New York City launched a plan Wednesday to become the first city in the nation to distribute free abortion drugs at its health clinics.
A sexual health clinic in the Bronx began to offer free chemical abortion pills Wednesday and three other clinics will do so by the end of the year — a plan that Democratic Mayor Eric Adams declared 'no other city in the nation or in the world' has launched. The efforts are part of a $1.2 million city fund for sexual health services.
'For too long, health and health care has been centered around men,' Adams said in a Tuesday press conference on women’s health. 'If men had periods, pap smears and menopause, they would get a paid vacation. And if men could get pregnant, we wouldn't see Congress trying to pass laws restricting abortion.'
City officials said the boost to sexual health clinics in the city is an attempt to counter restrictions on abortion after the overturn of Roe v. Wade last year. Abortion pills are available in the city’s 11 public hospitals, but the new plan extends this to four public health clinics, where they will be provided free of charge.
Ashwin Vasan, commissioner of the New York City Department of Health and Mental Hygiene, said that the free abortion pills will be 'open to anyone.'
'This is city dollars going to this specific purpose, and we’re the first in the nation to do that,' Vasan said.
Abortion pills are taken to terminate a fetus through the first 10 weeks of a pregnancy. Medical studies and data show abortion pills have four times the complication rate of surgical abortions due to concerns over intense hemorrhages and bleeding.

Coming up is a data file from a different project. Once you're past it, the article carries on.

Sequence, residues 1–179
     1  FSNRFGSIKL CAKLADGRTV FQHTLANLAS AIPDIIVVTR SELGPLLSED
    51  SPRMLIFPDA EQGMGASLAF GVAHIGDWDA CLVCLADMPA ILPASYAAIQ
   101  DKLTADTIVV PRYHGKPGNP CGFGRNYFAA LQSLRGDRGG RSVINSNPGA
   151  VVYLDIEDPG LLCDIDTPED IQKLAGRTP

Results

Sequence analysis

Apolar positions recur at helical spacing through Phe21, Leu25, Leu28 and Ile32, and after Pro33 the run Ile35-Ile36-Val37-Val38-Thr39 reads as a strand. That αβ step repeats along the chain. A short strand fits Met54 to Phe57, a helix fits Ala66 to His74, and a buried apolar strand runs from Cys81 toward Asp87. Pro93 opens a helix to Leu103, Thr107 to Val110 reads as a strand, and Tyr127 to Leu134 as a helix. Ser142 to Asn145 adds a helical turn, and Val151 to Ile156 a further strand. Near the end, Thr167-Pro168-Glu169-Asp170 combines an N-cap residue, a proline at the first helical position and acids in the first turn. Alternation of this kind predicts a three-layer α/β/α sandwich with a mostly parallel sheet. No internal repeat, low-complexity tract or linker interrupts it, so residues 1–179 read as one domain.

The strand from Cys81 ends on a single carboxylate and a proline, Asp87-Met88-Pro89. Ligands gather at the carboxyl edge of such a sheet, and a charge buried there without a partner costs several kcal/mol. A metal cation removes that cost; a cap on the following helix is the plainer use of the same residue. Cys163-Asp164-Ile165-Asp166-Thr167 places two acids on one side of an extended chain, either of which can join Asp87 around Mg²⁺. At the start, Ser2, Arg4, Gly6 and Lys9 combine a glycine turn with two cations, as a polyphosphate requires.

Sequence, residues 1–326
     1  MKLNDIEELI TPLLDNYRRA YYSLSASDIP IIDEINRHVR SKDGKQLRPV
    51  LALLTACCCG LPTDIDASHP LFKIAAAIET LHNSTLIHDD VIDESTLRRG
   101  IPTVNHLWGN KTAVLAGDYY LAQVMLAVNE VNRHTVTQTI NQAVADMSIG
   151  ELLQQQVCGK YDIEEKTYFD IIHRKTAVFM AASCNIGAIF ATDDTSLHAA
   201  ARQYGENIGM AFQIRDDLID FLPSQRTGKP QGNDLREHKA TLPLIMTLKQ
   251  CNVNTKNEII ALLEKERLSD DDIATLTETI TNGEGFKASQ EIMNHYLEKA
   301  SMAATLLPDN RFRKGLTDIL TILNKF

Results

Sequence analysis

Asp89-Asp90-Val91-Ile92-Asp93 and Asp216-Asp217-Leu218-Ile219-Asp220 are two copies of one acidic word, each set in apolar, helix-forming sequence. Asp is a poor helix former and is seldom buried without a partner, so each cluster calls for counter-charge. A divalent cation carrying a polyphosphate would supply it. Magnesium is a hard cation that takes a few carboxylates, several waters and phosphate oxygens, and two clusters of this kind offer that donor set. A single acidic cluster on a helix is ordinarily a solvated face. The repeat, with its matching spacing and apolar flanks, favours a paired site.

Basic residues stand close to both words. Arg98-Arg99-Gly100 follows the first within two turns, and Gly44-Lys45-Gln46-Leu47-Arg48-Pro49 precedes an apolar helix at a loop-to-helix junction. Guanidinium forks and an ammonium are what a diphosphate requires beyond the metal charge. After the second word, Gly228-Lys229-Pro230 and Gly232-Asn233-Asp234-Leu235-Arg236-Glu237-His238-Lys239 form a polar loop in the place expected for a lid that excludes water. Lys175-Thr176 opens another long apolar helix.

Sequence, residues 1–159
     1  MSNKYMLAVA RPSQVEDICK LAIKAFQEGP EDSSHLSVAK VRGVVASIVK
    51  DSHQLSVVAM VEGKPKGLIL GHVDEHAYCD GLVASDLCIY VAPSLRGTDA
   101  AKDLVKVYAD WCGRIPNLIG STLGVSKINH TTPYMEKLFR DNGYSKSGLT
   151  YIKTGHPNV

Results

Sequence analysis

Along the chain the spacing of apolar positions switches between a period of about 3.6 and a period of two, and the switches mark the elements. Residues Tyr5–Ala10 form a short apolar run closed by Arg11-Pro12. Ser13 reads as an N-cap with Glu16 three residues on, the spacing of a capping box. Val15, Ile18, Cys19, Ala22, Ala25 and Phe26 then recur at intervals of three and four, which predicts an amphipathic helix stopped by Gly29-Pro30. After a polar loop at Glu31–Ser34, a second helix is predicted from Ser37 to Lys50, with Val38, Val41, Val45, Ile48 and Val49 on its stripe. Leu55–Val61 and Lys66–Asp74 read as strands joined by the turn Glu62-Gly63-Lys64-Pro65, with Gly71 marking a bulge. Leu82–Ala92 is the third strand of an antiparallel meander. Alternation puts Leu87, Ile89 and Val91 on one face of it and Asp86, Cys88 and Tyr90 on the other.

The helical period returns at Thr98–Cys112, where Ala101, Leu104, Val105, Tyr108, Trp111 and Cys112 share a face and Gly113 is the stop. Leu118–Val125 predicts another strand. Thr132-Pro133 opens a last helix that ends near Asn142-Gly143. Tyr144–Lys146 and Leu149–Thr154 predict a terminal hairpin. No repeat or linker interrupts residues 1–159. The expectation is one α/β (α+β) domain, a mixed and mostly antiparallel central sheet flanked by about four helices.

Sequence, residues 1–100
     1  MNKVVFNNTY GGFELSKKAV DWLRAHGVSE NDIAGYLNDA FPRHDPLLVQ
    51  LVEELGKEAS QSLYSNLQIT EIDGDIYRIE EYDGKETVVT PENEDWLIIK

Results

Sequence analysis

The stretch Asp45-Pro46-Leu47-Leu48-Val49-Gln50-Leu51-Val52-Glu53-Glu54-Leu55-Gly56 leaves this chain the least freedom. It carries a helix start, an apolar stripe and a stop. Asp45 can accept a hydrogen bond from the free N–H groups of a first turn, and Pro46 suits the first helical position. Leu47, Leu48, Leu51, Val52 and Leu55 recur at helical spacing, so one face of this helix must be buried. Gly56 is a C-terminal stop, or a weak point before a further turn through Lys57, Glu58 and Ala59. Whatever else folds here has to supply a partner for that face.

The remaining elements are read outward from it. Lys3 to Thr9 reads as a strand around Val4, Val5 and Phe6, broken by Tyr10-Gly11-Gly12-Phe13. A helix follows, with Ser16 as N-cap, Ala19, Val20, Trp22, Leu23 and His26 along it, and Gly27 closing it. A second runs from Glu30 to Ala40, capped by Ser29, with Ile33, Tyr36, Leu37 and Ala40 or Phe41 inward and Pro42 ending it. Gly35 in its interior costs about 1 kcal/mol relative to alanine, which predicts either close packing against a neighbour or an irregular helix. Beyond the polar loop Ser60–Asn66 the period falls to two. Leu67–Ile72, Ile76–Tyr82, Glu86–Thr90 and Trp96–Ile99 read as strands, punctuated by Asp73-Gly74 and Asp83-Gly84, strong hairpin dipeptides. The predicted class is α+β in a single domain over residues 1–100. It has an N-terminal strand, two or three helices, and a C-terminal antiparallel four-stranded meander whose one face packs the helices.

The rate of emergency room visits after the use of abortion pills increased more than 500% between 2002 and 2015, according to government data collected by the Charlotte Lozier Institute. The pills are often taken without medical supervision.
The Food and Drug Administration has made a series of moves to deregulate abortion pills amid the Biden administration. The agency in January announced that it will allow retail pharmacies such as CVS and Walgreens to distribute abortion drugs as women are prescribed the pills from certified health care providers.
Just over one year prior, the agency made permanent its pandemic-era decision to allow doctors to prescribe abortion pills through remote appointments and to mail them to women through certified providers.
The popularity of abortion pills has increased steadily since they were approved in the U.S. in 2000. The pills accounted for more than half of U.S. abortions for the first time in 2020, which is likely to increase after the Roe overturn and FDA deregulation efforts. This does not include the use of black market abortion pills, which have grown in popularity since the overturn of Roe.